Lloyd Richards when he was captured
A veteran's story
90-year-old former member of the RAF Lloyd Richards told us the story of his time in the forces from when he left Guernsey to trekking 40 miles across Germany.
Lloyd Richards was born on 8 July 1919 near Delancey Park and attended the Delancey Park Boys School (now St Sampsons).
He left school at 14 and two years later he joined the Royal Navy and trained as a Telegraphist Air Gunner in the Fleet Air Arm. He said, "There was nothing in Guernsey for me... I joined the Navy to do something else."
Lloyd's plane being inspected after the crash
Lloyd's job was to sit in the rear cockpit, work the wireless, give navigation help and, ultimately, protect the plane from attack.
At 20, he qualified and was appointed to 803 Naval Air Squadron flying Blackburn Skua fighter/dive-bombers and from there he joined HMS Ark Royal where his pilot was Sub-Lieutenant Dick Bartlett.
On 4 June 1940, he provided air cover for the evacuation of British forces from Norway and on 12 June was involved in the attack on the German battleship Scharnhorst, which was sheltering in the Trondhein fjord.
Lloyd described the operation as "so quiet it was eerie... then everything went mad... a sound like thunder" as the ships opened fire on them.
15 Skuas took part in the raid which went wrong from the start when the RAF's Blenheim escort fighters failed to arrive. They continued anyway but as they approached their target, they were attacked by German fighters and eight of the 15 aircraft were lost almost immediately.
German soldiers with the plane wreck
Despite their determined evasive efforts the starboard wing was eventually hit by a cannon shell which went through the main fuel tank but miraculously did not cause an explosion, however, Bartlett had been hit in his abdomen by shrapnel.
He started to pass out through loss of blood and Lloyd was ordered to bale out, which he did not as he had actually removed his parachute to make more space in the cockpit and as he said "you can't bail out going vertical... you'd hit the tail!".
Bartlett managed to press home his attack, released their bomb and at the last minute pulled out of his dive. He then managed to belly land the crippled aircraft in a hilly field.
Lloyd was trapped in the back of the aircraft, but he hacked a hole in the fuselage and dropped to the ground. He rushed to help the semi-conscious Bartlett out of the cockpit and then set fire to the plane so that the aircraft equipment would not fall into enemy hands.
A nearby farmer helped the pair, but they were eventually captured when a local quisling reported them to the German forces, after which they were arrested. Bartlett was dropped off at a hospital and Lloyd was sent on to a prison camp near Trondheim.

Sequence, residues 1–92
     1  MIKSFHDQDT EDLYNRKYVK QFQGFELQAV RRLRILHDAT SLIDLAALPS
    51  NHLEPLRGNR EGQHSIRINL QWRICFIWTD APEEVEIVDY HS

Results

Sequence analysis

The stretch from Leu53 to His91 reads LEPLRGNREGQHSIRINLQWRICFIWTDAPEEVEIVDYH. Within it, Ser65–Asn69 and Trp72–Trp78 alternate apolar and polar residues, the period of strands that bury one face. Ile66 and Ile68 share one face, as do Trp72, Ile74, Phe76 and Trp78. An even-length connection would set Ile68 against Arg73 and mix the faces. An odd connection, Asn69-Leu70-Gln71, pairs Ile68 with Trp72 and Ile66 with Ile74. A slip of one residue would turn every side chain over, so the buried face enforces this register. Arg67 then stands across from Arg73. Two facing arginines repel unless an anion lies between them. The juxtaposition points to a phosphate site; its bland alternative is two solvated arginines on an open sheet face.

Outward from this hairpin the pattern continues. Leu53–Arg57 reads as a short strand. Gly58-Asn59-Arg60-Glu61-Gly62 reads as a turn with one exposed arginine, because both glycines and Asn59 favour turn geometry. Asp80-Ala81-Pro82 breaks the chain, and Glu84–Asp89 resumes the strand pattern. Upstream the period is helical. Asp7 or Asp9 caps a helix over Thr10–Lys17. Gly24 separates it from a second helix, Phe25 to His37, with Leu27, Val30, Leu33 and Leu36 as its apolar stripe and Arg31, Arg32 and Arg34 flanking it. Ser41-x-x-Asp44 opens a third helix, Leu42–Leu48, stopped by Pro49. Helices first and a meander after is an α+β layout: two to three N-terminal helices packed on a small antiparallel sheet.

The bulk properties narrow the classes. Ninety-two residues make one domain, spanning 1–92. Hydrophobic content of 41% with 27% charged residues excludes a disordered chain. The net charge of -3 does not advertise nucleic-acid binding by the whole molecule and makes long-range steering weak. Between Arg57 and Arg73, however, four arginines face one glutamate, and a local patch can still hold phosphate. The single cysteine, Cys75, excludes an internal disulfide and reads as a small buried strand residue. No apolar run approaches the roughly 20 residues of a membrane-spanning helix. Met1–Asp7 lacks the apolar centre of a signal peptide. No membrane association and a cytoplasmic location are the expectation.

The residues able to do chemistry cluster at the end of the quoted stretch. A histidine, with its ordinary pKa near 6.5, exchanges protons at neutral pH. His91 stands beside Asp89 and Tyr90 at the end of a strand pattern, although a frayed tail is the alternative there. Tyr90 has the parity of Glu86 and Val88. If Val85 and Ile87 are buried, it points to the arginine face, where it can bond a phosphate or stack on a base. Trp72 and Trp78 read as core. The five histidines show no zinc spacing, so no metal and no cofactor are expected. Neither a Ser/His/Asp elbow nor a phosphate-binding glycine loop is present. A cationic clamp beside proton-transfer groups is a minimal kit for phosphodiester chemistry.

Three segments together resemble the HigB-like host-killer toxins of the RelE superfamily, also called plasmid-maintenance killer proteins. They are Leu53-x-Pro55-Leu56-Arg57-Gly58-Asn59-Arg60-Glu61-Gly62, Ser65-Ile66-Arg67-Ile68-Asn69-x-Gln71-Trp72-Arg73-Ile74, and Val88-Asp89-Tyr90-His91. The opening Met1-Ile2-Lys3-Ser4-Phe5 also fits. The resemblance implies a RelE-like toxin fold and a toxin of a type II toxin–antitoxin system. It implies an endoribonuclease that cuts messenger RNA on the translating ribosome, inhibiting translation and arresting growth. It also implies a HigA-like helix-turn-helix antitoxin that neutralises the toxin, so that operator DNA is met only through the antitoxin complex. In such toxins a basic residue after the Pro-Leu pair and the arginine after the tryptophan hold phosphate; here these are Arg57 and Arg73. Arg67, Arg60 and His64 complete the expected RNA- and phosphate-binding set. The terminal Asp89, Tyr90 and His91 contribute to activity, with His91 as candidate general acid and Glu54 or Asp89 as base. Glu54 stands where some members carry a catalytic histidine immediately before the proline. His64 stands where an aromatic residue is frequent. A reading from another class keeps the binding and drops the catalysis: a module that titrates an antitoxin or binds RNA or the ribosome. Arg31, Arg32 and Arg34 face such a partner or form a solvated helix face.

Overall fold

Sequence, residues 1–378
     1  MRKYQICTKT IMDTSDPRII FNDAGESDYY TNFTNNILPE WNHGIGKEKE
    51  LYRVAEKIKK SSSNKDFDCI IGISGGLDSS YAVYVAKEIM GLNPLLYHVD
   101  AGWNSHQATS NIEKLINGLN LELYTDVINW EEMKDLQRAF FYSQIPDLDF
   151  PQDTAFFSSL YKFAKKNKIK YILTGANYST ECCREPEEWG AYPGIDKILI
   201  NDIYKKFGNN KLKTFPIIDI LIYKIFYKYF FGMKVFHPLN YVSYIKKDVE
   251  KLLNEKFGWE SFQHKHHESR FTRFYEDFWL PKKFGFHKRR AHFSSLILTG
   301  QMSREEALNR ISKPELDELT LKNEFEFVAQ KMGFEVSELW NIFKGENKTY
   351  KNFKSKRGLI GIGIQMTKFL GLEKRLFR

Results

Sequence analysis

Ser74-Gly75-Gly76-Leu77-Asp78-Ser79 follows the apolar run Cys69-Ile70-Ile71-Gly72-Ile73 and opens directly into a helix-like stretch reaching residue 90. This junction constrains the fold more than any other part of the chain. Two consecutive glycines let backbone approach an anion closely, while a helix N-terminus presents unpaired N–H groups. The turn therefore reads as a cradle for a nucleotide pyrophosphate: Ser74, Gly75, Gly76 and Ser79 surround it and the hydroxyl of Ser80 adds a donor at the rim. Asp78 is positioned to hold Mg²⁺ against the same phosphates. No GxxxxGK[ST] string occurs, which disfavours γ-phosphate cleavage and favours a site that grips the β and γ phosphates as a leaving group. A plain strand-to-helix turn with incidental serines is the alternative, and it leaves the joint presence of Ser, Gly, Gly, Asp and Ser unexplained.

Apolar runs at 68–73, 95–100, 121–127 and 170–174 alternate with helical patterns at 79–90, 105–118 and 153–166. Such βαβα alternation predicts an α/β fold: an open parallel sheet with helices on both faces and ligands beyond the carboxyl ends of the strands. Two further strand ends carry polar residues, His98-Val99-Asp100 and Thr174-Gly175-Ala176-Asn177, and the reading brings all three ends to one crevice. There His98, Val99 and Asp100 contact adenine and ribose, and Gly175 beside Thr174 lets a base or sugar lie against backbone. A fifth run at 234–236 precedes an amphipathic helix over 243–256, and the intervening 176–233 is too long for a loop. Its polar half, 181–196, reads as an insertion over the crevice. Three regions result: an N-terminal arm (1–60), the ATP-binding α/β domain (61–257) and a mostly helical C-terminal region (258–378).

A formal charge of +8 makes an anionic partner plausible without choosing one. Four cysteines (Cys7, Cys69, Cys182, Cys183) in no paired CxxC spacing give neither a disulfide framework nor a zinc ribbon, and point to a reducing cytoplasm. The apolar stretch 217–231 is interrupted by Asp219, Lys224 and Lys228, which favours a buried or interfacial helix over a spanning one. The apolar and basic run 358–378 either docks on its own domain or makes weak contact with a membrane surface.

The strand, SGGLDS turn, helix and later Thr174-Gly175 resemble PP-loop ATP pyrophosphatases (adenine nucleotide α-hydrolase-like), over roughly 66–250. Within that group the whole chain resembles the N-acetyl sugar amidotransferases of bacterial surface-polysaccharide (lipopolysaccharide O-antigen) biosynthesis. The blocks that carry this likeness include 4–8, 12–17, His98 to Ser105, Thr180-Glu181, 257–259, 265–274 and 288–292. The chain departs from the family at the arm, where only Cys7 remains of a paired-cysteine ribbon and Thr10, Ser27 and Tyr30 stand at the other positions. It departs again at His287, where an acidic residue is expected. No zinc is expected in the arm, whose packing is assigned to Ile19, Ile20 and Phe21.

After capture he was quickly transferred to jail in Oslo and ended up in Stalag Luft I, a prison camp for aviators on the Baltic coast. He was later transferred to Stalag Luft III, made famous by the tragic Great Escape, and later still to Stalag Luft VI in Eastern Prussia.
Lloyd said the time in the camps "seemed to be forever" as they had no calendars and every day was the same. He added there was "no brutality... deprivation was the worst thing, but they [the guards] had nothing themselves... but there was no point trying to escape the camps".
Lloyd's plane shortly after the crash
By the beginning of 1945, the prisoners of war were marched to various camps in the east and west of the Reich, and it was during one of these marches that Lloyd decided he wanted to escape.
One day when walking between camps, when the guards were not looking, he jumped into a ditch and, once the columns had passed, he got up and started to walk in the direction he had come from.
He usually travelled by night, slept rough, and ate a meagre diet of anything edible that he could find and drank water whenever possible, even from ditches. His dirty clothes matched those of the thousands of refugees moving around Europe at the time, so he blended in well, and he eventually came across an Allied prison camp where he was taken in.
Lloyd's trek across Germany is though to have totaled around 400 miles. He soon found himself in a Dakota taking him back to an RAF base near London, about one month before VE Day.
Still wearing the same clothes, in which he had crossed Europe in, he returned to RNAS Lee-on-Solent, only to learn that he had been discharged from the Navy as assumed dead following his crash in Norway. He said, "there was a mix up... as far as the Navy was concerned I was dead but not according to the Air Flight Arm."
The following day, he formally rejoined, was given a new uniform and £100 and told to go home for some leave, which being a Guernseyman was not an option, so he spent some time with relatives in Oxford.
Lloyd in 2009
Following this he received some additional training before heading to the far east where he was stationed as the war in the Pacific ended.
He returned to Guernsey in 1949 at the age of 30 where he worked various different jobs.
Of his time in the services Lloyd said he was "quite dissatisfied" because after all his training he only served for about three weeks before being captured, he said "it's not a lot to boast about".
last updated: 06/08/2009 at 17:04
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